Seed of independence

Muhammad Zamir

Words are symbols of thought. They enable us not only to express ourselves but also to identify our areas of interest, our dreams, our beliefs and our aspirations. Collectively, words turn into a language that in its own way is the expression of the glory of the human spirit.

Philosophically, one is tempted to state that the ethos of a people is best reflected in their language and its variety of usage. These factors in turn create a people's heritage and anoint them with their unique vision.

South Asia, with its diversity, has been the cradle for the evolution of many languages. Of these indigenous modes of expression, Sanskrit and Pali are best known. Inter-action of external factors in the twelfth and thirteenth centuries led to the intrusion of Arabic and then Persian into the Indian scene. Urdu emerged in the seventeenth century but the scenario changed once again with the advent of the Portuguese, the French and eventually the English. The victory at Palassey and the expanding presence of the East India Company in the latter part of the eighteenth century changed the ball game. English as a language slowly assumed the focal point not only within the administrative structure but also in education. It also cast a comprehensive shadow in both the social and cultural horizons.

The interesting aspect of this osmosis was that though English spread its influence in the western part of Bengal, its impact was relatively marginal in the rural eastern Bengal. English became an important part of life in the urban areas, particularly Calcutta, but remained less in use in other parts of this big province. The vast majority spoke and studied Bengali. It remained the preferred means of communication in the villages. Daily life revolved around Bengali. It was the vehicle of choice for literature, theatrical arts and songs.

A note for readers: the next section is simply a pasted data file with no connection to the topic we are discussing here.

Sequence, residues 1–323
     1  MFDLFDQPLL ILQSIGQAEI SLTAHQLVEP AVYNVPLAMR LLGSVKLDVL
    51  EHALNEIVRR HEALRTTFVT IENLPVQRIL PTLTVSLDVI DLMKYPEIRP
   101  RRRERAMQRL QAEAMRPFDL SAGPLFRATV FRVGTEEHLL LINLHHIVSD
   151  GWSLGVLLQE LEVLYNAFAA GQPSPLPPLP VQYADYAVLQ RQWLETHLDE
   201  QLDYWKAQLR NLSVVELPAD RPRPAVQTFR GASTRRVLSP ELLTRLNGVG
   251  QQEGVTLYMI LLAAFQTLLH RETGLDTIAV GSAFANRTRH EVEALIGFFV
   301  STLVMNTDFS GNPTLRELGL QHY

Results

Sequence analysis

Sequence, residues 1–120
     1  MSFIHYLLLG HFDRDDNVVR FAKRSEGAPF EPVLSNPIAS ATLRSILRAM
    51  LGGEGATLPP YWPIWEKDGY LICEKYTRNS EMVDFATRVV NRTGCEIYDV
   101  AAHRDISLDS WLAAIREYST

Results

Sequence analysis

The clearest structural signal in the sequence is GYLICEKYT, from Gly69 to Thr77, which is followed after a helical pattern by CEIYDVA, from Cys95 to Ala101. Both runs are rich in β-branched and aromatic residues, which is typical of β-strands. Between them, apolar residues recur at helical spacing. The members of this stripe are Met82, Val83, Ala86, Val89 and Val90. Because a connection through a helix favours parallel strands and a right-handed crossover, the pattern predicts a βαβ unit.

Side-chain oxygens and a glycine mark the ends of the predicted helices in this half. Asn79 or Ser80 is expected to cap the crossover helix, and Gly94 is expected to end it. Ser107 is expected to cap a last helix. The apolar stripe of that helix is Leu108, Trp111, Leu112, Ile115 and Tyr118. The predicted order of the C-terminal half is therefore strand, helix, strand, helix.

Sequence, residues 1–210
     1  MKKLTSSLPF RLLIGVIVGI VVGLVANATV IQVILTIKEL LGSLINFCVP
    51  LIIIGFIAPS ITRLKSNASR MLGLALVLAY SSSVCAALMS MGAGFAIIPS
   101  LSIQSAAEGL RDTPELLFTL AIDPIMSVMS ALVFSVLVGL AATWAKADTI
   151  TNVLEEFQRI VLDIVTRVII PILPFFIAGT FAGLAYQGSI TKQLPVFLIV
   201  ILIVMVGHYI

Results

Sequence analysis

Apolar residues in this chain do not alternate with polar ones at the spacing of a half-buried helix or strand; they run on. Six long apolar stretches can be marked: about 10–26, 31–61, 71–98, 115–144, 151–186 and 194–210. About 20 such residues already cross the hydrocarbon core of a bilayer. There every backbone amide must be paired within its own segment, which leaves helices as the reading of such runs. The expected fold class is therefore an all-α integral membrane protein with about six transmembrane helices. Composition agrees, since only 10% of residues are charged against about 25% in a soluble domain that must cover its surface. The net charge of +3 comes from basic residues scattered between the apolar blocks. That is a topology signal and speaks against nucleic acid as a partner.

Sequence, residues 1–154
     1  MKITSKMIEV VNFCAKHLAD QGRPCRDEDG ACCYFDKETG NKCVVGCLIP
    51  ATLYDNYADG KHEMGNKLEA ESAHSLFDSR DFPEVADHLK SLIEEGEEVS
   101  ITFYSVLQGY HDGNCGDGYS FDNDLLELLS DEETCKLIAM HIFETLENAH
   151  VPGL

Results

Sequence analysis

This emphasis on Bengali did not also take a back seat during the crucial years between 1930 and 1947 when the general focus among the Muslim community in eastern Bengal shifted towards the creation of Pakistan. The people were willing to accept Urdu as an important language within the new country's paradigm but were also aware of their own rich Bengali traditions and their own language. Consequently, the decision to protect Bengali, surfaced immediately after Mr. Jinnah, the Pakistani leader announced that Urdu alone would be the state language of the new country. It was seen as an affront by everyone- the intelligentsia, the liberal left of the center political leadership and the volatile student community.

The Pakistani overlords sitting in Karachi, the capital of Pakistan failed to appreciate the importance of the issue. The military- bureaucratic- right of the center religious clique with their Urdu background were shortsighted. Their deviate interpretation of what was consistent with Pakistani values led them to disrespect the rights of the majority and their language. For them, Bengali became a challenge that had both cultural as well as political connotations. They were joined in this unfortunate approach by a group of extreme right political leaders from the then East Pakistan.